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Re: Would You Cross the Atlantic in Either of These?

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"A Fool and his Life are Soon Parted".

Sub 30 boats should be left in bays or nailed to the coast.

Mark
That is a totally erroneous and elitist statement. There are many boats below 30' that are designed to be sailed on the ocean. H28 for one, Dana 24, Flicka 20 and the list goes on. One of my boats at the moment is a 20' that was sailed by the original owner from New Zealand to Australia.

Sailing anywhere should not be confined to just those who can afford or want a bigger boat. Neither should it be an exclusive pastime for those who have their larger craft and for them to say that "those "little boat" people should not be allowed to do the same as us". Bad attitude to me.

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Old 11-11-2014, 13:24   #23
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Re: Would You Cross the Atlantic in Either of These?

This thread got me thinking and my question is: "what is the quantifiable difference between a 25 and 40 foot boat that makes a 40 foot boat more seaworthy than a 25 footer?"

The smaller boat should be stronger. If I have the same hull construction the 25 footer would be stronger because of lower bending and twisting moments. Overall stresses would be less on the 25 footer because the mass is much less. Bulkheads and stringers are closer together. The forces on the rudder, keel, standing and running rigging are less.

In summary, the material scaling makes the 25 footer inherently stronger if approximately the same construction is used.

I argue that a smaller boat is much easier to overbuild. A little extra material is amplified in fractional strength and durability increases when compared to a larger yacht.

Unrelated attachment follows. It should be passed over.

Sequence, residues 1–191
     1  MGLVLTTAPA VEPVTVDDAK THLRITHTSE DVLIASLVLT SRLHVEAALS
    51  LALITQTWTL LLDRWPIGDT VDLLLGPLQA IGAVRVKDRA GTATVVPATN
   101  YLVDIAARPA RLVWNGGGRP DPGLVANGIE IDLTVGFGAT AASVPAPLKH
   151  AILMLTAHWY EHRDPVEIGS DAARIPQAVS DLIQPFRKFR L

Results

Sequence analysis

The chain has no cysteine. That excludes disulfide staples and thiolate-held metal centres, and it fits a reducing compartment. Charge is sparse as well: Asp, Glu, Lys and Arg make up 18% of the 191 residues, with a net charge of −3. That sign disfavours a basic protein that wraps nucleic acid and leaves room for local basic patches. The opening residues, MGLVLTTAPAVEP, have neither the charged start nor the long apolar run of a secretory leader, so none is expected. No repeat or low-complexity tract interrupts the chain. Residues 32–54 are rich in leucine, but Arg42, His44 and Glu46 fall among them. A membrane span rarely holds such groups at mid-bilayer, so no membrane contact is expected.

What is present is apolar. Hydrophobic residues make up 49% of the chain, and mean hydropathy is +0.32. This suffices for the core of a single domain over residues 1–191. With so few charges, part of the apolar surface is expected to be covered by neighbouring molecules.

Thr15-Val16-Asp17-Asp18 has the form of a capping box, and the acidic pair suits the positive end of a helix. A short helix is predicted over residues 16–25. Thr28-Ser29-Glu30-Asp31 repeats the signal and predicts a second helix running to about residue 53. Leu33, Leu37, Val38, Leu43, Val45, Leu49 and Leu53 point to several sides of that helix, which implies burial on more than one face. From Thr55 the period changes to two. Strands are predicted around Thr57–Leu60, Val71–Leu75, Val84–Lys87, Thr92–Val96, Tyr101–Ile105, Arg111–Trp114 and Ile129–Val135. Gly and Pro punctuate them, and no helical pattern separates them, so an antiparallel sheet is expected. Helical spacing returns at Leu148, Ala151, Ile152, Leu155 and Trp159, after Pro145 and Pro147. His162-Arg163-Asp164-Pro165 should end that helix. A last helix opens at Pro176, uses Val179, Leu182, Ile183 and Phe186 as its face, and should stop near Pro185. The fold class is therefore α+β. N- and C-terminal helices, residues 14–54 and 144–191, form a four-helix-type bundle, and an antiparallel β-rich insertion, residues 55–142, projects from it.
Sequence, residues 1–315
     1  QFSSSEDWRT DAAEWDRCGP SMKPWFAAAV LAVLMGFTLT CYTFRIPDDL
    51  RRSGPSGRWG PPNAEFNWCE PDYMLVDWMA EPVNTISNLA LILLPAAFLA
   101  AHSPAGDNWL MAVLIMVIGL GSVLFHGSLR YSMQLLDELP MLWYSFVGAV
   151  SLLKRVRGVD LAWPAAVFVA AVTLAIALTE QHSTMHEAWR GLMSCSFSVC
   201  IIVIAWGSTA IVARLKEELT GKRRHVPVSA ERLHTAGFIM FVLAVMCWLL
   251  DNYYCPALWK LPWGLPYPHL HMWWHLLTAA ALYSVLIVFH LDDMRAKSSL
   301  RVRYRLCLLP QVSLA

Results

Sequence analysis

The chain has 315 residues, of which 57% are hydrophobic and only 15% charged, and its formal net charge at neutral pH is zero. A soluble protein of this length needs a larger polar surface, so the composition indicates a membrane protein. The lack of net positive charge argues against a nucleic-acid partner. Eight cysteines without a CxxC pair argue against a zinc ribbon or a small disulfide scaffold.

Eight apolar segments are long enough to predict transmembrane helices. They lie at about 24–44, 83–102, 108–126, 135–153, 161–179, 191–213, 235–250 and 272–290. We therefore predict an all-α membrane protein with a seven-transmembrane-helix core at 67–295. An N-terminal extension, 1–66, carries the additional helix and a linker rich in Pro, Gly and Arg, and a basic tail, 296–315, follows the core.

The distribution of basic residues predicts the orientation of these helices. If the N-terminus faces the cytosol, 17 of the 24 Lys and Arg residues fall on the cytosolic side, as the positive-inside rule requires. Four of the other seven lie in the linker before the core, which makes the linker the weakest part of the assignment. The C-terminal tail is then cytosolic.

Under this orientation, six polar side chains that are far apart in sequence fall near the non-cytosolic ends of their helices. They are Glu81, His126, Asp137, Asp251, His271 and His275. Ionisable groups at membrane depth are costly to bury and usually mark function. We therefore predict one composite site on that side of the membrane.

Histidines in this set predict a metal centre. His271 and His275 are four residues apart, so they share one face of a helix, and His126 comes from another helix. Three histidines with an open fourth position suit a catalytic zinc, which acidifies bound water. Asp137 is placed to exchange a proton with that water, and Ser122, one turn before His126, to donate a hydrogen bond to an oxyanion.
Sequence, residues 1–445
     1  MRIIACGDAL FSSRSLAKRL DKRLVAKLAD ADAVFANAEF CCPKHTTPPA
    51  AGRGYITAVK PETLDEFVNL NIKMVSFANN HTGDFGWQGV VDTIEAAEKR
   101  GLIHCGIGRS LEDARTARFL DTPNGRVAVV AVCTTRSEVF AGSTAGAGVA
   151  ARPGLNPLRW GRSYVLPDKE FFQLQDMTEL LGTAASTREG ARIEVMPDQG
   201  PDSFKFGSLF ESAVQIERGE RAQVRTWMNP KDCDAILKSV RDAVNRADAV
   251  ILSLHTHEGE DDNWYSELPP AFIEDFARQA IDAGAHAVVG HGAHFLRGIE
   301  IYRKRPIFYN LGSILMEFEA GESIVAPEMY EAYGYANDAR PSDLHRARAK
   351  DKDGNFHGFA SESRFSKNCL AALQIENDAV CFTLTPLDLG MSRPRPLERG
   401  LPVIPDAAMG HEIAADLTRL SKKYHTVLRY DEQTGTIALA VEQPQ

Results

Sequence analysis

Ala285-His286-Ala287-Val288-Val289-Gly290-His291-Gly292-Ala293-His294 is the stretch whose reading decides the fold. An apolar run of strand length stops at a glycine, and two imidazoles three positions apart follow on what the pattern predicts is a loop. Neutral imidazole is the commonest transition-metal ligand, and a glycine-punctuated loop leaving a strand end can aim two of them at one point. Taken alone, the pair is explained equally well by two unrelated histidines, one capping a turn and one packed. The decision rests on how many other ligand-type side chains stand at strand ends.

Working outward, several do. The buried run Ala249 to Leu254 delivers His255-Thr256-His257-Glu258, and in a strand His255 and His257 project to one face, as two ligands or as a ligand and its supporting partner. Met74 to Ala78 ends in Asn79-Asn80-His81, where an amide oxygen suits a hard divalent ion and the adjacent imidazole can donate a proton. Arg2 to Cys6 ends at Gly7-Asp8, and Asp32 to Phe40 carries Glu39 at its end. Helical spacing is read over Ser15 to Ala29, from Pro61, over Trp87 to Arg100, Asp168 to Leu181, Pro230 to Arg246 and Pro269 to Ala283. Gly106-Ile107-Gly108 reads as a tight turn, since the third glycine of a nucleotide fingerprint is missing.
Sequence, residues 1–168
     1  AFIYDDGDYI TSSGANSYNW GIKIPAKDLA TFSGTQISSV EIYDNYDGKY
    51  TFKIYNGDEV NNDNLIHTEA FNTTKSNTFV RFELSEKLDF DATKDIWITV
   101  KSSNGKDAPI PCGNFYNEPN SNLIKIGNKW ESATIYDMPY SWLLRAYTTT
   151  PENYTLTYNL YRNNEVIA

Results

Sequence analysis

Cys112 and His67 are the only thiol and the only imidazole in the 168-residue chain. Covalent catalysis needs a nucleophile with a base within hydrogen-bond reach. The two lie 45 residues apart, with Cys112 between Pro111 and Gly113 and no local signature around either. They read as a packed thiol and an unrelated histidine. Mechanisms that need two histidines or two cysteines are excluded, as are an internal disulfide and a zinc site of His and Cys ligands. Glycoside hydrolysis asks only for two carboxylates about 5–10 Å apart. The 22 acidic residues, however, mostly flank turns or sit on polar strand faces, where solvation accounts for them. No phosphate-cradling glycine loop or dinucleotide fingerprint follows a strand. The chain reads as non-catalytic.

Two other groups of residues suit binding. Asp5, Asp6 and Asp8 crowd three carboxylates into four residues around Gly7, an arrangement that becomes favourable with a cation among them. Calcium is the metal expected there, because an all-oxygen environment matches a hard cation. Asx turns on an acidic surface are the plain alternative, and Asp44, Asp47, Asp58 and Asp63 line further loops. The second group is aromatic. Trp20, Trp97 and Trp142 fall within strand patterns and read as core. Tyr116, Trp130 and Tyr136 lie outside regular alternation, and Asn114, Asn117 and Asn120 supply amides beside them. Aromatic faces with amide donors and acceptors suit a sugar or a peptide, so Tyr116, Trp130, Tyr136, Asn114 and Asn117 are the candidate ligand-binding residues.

Consequently, the 25 footer should be inherently more seaworthy.
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Old 11-11-2014, 13:30   #24
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Re: Would You Cross the Atlantic in Either of These?

Out of that list I would take the Tanzer



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Old 11-11-2014, 13:45   #25
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Re: Would You Cross the Atlantic in Either of These?

Well if the scant lings and hull thickness was the same then yes it would be a lot stronger but in the real world it doesn't happen that way. The smaller boat is built a lot lighter and thinner. The real big difference is how a smaller boat reacts to larger seas and clearly there is no way that a smaller boat is as seaworthy BUT that does not mean that a good skipper could not make safe passages because they can and do.
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Old 11-11-2014, 13:51   #26
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Re: Would You Cross the Atlantic in Either of These?

So how many of the pro small old boat people on this thread HAVE sailed it across the Atlantic?
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Old 11-11-2014, 14:03   #27